Reprinted from the Indpendent Weekly

In my tender elementary school days, I found myself oddly troubled by an episode of Alvin and the Chipmunks. Titled “Every Chipmunk Tells a Story,” it involved Alvin, Simon and Theodore telling a series of conflicting flashbacks about how Dave’s piano came to be destroyed and filled with rice pudding.

What bothered me about it was there was no one flashback explaining what really happened; we were only presented with the various self-serving flashbacks. I was perhaps 7 or 8, and this was my first exposure to the legacy of Akira Kurosawa, specifically his classic tale of conflicting stories, Rashmon, which is unfortunately absent from the series but should be added to your must-watch list at home. (According to the Carolina Theatre, Rashmon wasn’t included in the program only because the film was recently screened elsewhere in this area.)

Its plot has been recycled in various media over the last six decades. Fourteen years after it was first released, it was remade as a 1964 Paul Newman Western, The Outrage, for which Kurosawa was credited in the script. It may rank as one of the few opportunities to see Newman, Edward G. Robinson, Laurence Harvey and William Shatner all in the same place.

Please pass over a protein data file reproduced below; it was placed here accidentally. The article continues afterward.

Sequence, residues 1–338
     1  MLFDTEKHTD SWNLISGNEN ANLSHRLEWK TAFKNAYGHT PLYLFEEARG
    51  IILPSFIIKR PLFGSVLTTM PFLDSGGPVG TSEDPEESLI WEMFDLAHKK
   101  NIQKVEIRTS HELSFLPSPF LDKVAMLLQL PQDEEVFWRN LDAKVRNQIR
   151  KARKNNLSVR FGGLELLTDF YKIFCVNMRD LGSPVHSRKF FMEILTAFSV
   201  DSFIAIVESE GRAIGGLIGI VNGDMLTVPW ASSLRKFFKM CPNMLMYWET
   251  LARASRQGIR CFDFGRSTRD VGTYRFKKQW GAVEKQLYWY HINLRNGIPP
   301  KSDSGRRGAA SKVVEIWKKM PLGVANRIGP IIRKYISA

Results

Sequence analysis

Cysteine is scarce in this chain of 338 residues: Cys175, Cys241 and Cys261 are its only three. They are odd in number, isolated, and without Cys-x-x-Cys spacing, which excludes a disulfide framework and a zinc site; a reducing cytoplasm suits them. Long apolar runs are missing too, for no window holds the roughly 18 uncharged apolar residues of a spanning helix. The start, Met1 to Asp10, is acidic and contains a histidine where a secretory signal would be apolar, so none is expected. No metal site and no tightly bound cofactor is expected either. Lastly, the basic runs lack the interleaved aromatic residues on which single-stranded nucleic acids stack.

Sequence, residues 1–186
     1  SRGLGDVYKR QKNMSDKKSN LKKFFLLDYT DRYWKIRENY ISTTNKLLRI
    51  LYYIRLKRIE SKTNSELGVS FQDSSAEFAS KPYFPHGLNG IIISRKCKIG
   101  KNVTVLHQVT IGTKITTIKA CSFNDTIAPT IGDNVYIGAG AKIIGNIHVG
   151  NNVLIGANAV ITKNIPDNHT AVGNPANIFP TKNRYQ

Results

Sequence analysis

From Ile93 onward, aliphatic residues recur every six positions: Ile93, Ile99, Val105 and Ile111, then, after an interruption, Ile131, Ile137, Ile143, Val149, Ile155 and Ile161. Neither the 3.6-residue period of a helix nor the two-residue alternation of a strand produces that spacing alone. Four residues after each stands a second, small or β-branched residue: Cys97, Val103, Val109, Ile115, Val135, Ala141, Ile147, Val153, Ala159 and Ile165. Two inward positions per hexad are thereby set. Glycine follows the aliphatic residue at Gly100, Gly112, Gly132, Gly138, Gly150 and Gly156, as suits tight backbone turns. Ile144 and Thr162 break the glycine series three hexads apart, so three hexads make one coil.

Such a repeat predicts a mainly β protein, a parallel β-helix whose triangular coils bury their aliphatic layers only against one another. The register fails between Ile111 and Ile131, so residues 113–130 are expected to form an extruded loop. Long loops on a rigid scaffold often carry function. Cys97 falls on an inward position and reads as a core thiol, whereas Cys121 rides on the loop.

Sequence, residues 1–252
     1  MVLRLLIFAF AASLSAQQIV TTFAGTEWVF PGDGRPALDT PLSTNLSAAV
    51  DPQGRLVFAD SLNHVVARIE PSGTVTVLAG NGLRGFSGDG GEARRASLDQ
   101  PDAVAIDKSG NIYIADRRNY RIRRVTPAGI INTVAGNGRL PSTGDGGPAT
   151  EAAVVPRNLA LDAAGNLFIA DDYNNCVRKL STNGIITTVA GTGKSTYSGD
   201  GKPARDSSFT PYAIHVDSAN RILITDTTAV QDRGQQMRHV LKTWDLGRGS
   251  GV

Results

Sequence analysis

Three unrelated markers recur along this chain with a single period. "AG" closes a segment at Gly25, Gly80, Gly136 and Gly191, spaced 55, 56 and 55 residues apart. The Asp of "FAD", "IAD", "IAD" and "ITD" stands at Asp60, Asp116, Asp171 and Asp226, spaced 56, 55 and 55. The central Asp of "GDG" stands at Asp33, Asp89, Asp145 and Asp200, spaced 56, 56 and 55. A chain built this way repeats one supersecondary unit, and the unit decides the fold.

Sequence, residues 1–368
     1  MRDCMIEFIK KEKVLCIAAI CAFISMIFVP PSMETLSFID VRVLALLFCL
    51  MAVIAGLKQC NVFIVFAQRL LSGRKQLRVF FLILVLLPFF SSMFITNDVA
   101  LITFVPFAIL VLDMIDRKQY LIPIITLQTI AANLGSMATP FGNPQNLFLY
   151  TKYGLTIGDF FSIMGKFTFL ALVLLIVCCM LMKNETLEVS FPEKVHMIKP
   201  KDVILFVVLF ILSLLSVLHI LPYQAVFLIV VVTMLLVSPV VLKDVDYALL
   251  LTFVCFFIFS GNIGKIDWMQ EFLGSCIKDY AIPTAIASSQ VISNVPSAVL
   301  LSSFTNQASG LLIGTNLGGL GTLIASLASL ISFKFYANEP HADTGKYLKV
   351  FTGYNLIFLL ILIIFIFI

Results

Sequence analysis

There are, of course, dozens upon dozens of other films that have used the Rashomon structure, ranging from war drama (Courage Under Fire), crime (The Usual Suspects), animation (Hoodwinked) and lame comedy (One Night at McCool’s).

And there have been plenty of TV shows that have referenced it, from a Diff’rent Strokes episode called “Rashomon II” to a CSI called “Rashomama.” Even Marge Simpson once reminded Homer that he enjoyed Rashmon, though Homer retorted, “That’s not how I remember it.”

My favorite may be one that doesn’t really exist; a background poster in an Evan Dorkin cartoon for a film called “Rashomonster,” which featured the tagline, “Who really destroyed Tokyo?” Of all Kurosawa’s films, Rashmon may be the most purely influential, simply because its idea that there is no one truth, that everyone’s perception of reality is ultimately self-serving, only becomes more relevant as media and networking become a great part of people’s daily lives. —Zack Smith

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